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Look Inside Asymptotic Diffraction Theory and Nuclear Scattering

Asymptotic Diffraction Theory and Nuclear Scattering

  • Publication planned for: December 2019
  • availability: Not yet published - available from December 2019
  • format: Hardback
  • isbn: 9781107104112

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  • Scattering theory provides a framework for understanding the scattering of waves and particles. This book presents a simple physical picture of diffractive nuclear scattering in terms of semi-classical trajectories, illustrated throughout with examples and case studies. Trajectories in a complex impact parameter plane are discussed, and it stresses the importance of the analytical properties of the phase shift function in this complex impact plane in the asymptotic limit. Several new rainbow phenomena are also discussed and illustrated. Written by Nobel Prize winner Roy J. Glauber, and Per Osland, an expert in the field of particle physics, the book illustrates the transition from quantum to classical scattering, and provides a valuable resource for researchers using scattering theory in nuclear, particle, atomic and molecular physics.

    • Provides a new description of nuclear scattering, offering physical insight for researchers interested in using scattering theory
    • Contains numerous case studies and examples to introduce and illustrate concepts
    • Has wide applications to fields other than nuclear physics, including quantum theory and applied mathematics
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    Product details

    • Publication planned for: December 2019
    • format: Hardback
    • isbn: 9781107104112
    • dimensions: 247 x 174 mm
    • contains: 125 b/w illus. 1 table
    • availability: Not yet published - available from December 2019
  • Table of Contents

    Preface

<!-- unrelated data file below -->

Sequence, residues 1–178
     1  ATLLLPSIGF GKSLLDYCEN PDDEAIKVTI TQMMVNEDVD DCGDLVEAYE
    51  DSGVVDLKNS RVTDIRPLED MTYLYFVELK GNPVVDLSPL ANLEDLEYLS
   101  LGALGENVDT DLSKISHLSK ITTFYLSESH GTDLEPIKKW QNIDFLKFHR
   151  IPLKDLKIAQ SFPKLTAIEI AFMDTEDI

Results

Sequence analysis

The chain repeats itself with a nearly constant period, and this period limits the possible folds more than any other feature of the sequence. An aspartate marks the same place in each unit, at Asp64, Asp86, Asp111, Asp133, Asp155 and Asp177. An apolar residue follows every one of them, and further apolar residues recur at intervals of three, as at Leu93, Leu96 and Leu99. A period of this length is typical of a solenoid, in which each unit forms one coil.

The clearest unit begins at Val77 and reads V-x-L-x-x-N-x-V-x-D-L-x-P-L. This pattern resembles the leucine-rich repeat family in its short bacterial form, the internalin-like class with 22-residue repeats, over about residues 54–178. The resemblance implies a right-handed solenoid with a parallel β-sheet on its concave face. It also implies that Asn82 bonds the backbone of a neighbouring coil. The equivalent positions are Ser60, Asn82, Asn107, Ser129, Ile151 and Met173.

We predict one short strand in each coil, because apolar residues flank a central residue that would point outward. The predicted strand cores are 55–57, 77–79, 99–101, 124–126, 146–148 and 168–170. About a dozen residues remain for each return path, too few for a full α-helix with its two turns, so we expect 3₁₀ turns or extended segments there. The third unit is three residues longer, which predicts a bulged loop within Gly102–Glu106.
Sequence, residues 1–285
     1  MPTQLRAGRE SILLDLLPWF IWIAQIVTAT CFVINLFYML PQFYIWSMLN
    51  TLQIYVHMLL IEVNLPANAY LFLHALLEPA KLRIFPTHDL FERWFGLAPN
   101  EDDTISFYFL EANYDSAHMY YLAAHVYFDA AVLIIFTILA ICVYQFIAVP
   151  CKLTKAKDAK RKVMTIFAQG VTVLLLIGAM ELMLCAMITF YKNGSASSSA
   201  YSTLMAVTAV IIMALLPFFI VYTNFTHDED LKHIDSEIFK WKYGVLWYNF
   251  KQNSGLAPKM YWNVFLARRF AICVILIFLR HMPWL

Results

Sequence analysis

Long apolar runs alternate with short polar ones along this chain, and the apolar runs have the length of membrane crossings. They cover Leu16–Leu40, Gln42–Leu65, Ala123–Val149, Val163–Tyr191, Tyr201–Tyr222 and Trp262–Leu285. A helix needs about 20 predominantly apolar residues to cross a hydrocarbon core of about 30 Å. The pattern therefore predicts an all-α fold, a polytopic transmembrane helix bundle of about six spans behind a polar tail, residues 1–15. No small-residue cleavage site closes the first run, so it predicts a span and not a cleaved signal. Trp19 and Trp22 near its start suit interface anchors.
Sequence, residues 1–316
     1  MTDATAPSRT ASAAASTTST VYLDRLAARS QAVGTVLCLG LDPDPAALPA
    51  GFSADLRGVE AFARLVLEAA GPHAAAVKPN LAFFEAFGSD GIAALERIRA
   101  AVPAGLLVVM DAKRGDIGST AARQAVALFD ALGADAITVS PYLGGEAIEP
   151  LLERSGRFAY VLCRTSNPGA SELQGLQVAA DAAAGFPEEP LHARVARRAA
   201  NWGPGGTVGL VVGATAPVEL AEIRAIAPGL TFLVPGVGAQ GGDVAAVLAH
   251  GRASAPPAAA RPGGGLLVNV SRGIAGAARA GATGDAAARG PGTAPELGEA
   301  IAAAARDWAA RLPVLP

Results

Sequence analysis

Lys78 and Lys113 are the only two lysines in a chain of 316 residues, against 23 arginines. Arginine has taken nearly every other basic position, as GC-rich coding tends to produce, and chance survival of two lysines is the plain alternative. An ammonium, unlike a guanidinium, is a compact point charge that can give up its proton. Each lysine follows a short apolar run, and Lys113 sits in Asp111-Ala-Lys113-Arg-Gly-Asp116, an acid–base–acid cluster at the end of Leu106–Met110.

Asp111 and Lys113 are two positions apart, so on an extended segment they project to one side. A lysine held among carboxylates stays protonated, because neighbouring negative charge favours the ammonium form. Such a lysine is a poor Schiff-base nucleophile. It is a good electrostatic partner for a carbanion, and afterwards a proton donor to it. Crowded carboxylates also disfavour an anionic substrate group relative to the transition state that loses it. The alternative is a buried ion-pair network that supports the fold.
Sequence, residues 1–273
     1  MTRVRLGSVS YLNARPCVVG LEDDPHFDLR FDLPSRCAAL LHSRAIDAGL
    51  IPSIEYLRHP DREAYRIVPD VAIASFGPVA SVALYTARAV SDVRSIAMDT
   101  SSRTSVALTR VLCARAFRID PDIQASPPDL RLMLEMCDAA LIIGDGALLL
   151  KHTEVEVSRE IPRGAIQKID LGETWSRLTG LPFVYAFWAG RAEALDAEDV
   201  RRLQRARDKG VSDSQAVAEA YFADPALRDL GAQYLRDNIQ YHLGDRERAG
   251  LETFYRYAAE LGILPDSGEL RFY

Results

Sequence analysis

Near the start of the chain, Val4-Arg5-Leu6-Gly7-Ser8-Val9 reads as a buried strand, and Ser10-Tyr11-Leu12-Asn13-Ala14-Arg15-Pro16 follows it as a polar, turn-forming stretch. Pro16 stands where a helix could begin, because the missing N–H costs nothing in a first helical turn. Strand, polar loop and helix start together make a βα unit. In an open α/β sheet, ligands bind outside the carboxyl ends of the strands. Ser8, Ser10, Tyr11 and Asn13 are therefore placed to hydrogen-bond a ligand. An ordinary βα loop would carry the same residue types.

Acknowledgements
    List of abbreviations
    Part I. Introduction:
    1. Overview and preview
    2. Diffraction theory
    3. Asymptotic diffraction theory
    4. Two simple examples
    5. Complex trajectories
    6. Scattering from linear structures
    Part II. Various Radial Fall-Offs:
    7. Gaussian edge
    8. Exponential edge
    9. Sharper edges
    10. Analytic variations
    Part III. Composite Phase Functions:
    11. Extended charges
    12. Coulomb plus nuclear interactions
    13. Smooth two-scale functions
    14. Two Fermi functions
    15. Different singularities
    16. Summary
    Appendix A. Partial waves and phase shift function
    Appendix B. Iteration for stationary points
    References
    Index.

  • Authors

    Roy J. Glauber, Harvard University, Massachusetts
    Roy J. Glauber was Mallinckrodt Professor of Physics (Emeritus) at Harvard University, Massachusetts, and Adjunct Professor of Optical Sciences at the University of Arizona. In 2005, he received half the Nobel Prize in Physics for his contribution to 'the quantum theory of optical coherence'. He received many awards, including the 1985 Albert A. Michelson Medal from the Franklin Institute, the 1985 Max Born Award from the Optical Society of America, and the 1966 Dannie Heinemann Prize for Mathematical Physics from the American Physical Society. He was elected a Foreign Member of the Royal Society (1997), an Honorary Member of the Optical Society of America (2008) and served on the Advisory Board of the Max Plank Institute of Light.

    Per Osland, Universitetet i Bergen, Norway
    Per Osland is Professor Emeritus at the Department of Physics and Technology, Universitetet i Bergen, Norway. He is a member of the Royal Norwegian Society of Sciences and Letters and a Fellow of the Swedish Collegium for Advanced study. He has held research positions at CERN, Harvard, NORDITA and DESY, and served as chair of the High Energy and Particle Physics Division Board of the European Physical Society.

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